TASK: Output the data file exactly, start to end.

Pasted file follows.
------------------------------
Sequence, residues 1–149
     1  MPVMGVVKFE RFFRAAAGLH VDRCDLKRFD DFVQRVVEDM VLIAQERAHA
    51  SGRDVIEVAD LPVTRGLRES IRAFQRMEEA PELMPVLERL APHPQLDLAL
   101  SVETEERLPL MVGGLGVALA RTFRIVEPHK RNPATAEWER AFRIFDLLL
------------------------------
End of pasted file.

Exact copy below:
Sequence, residues 1–149
     1  MPVMGVVKFE RFFRAAAGLH VDRCDLKRFD DFVQRVVEDM VLIAQERAHA
    51  SGRDVIEVAD LPVTRGLRES IRAFQRMEEA PELMPVLERL APHPQLDLAL
   101  SVETEERLPL MVGGLGVALA RTFRIVEPHK RNPATAEWER AFRIFDLLL